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Old 01-07-2010, 06:24 AM   #1
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What to look for in a deep-fryer?

What should I look for in a deep-fryer?
I'll probably use it for deep-frying fried chicken and I'd like to get a result that's comparable to restaurant's.

I've done some research, but I just want to get more opinions from you guys.

1. How does the wattage affect the fried food? Does higher wattage mean faster oil recovery time and higher maximum temperature?
2. What feature(s) is a must in a deep fryer other than thermostat?
3. What materials should a good fryer be made of? Stainless steel?
4. Do restaurants use gas or electric fryer and why?

Thanks!

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Old 01-07-2010, 08:21 AM   #2
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Having used three different models throughout the years, I have come to a definite conclusion or two:

I wish they still made Fry Daddys! Why? 1.) Because much of what I fry is in small quantities, and 2.) because the biggest pain about using a deep fryer is cleaning out the old oil. I would much rather have a smaller tank to clean than a large one! Draining a big fryer, turning it upside down over a disposal container and then wiping out the mush at the very bottom, is a nasty job. AND it uses a lot of oil... an expense that I'd rather keep to a minimum.

Fancy, large stainless steel fryers look great!!! - BUT unless you have someone else handy to clean it out once in a while... well, I'd pass for something a little more practical and easy to use.
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Old 01-07-2010, 08:34 AM   #3
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1. How does the wattage affect the fried food? Does higher wattage mean faster oil recovery time and higher maximum temperature?

That is it. The higher wattage will allow the fryer to recover quicker so you can fry more at one time.

2. What feature(s) is a must in a deep fryer other than thermostat?

A removable tank. It helps with straining the oil and clean up.

3. What materials should a good fryer be made of? Stainless steel?

Mine is not SS but if I used it more then I guess SS would be nice.

4. Do restaurants use gas or electric fryer and why?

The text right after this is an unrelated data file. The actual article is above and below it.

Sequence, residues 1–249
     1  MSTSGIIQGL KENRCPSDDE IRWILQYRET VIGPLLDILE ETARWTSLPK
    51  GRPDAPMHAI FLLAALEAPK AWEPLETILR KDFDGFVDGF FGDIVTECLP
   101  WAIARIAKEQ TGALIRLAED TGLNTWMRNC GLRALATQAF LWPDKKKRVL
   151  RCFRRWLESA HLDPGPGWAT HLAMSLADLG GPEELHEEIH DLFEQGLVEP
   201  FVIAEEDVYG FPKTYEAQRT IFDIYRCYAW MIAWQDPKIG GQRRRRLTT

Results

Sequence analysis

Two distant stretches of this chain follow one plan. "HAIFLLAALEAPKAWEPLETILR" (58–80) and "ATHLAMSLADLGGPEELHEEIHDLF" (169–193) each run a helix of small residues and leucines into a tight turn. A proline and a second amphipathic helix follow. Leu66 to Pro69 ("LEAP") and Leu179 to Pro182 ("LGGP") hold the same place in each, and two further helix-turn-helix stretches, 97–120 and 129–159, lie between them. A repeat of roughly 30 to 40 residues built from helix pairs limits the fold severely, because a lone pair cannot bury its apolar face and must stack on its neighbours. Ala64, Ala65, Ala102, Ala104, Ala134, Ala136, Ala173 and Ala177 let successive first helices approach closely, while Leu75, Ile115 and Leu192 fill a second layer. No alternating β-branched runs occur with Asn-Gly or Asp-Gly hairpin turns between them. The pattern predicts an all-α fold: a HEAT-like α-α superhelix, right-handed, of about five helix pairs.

The folks that I know in the bus say gas, cheaper to operate. But they are fying all the time.
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Old 01-07-2010, 08:44 AM   #4
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Quote:
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I wish they still made Fry Daddys!
They do. See here.
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Old 01-07-2010, 09:35 AM   #5
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To add to what others have said, look for the largest oil capacity you can find. More oil gives you a faster temperature recovery time. Most home fryers will have about the same wattage because of the limitations of home electrical systems. Most home circuits are wired through a 15 amp fuse/circuit breaker. With 120 volt of electricity in the home, that's 1800 watts max before the fuse blows. (volts times amps=watts)

I have a stainless steel Europro with a removable tank and a thermostat. It has 1700 watts and holds about 20 cups of oil.
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Old 01-23-2016, 10:18 AM   #6
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I find that having a cover over the basket is great, no burns!

Also, I like fryers with 2 baskets, so that I can multi-task. Am I the only one?
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Old 01-23-2016, 10:22 AM   #7
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Hey guys, I'm looking for a new deep fryer but I'm not sure which one to get. It's for a home kitchen, and I deep fry maybe once a week. I found a list of the 10 best deep fryers at deepfryerreview.com , anybody have any suggestions??
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Old 01-23-2016, 11:51 AM   #8
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Quote:
Originally Posted by bestespresso101 View Post
Hey guys, I'm looking for a new deep fryer but I'm not sure which one to get. It's for a home kitchen, and I deep fry maybe once a week. I found a list of the 10 best deep fryers at deepfryerreview.com , anybody have any suggestions??
Unless you want to deep fry large quantities of food, a Fry Daddy is inexpensive and only uses a few cups of oil.
For example I can fry 6 whole chicken wings at one time. I might could get more in there, but I don't want to crowd it.

With a Fry Daddy, you don't get a lid or basket. You also cannot adjust the temperature. What you get is a quick and easy way to fry things in small batches using very little oil and the fryer is easy to clean.
BTW, I understand they are quite inexpensive.
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Old 01-27-2016, 05:41 AM   #9
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Deep frying, when done correctly and at proper temps can sometimes add less fat then sauteing does. It depends on how hot your oil is. Olive oil is traditionally used for deep frying in Spain and Italy, although you can't fry things at high temps. Deep fried in olive oil fresh anchovies are nothing to sneeze at, nor is any sort of frita mista.

Coconut and palm oils have a bad rap, one I think is undeserved. Check out
For Thais, palm oil always has been a good thing - SFGate